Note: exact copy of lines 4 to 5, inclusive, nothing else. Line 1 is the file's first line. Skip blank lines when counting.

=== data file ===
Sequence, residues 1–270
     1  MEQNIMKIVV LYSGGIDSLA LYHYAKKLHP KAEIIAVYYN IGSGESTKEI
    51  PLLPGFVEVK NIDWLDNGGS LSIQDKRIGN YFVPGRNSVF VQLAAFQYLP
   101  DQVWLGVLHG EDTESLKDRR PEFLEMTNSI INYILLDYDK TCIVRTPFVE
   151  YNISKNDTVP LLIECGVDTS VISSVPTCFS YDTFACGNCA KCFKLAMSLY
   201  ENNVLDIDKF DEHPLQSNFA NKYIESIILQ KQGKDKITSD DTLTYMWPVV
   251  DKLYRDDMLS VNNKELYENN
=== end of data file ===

   101  DQVWLGVLHG EDTESLKDRR PEFLEMTNSI INYILLDYDK TCIVRTPFVE
   151  YNISKNDTVP LLIECGVDTS VISSVPTCFS YDTFACGNCA KCFKLAMSLY